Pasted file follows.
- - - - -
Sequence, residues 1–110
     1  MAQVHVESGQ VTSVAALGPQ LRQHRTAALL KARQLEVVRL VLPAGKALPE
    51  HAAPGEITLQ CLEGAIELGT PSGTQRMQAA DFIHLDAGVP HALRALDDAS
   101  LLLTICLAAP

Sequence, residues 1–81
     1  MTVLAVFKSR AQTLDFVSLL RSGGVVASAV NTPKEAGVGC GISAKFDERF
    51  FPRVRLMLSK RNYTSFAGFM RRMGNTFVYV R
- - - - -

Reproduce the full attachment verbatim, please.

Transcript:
Sequence, residues 1–110
     1  MAQVHVESGQ VTSVAALGPQ LRQHRTAALL KARQLEVVRL VLPAGKALPE
    51  HAAPGEITLQ CLEGAIELGT PSGTQRMQAA DFIHLDAGVP HALRALDDAS
   101  LLLTICLAAP

Sequence, residues 1–81
     1  MTVLAVFKSR AQTLDFVSLL RSGGVVASAV NTPKEAGVGC GISAKFDERF
    51  FPRVRLMLSK RNYTSFAGFM RRMGNTFVYV R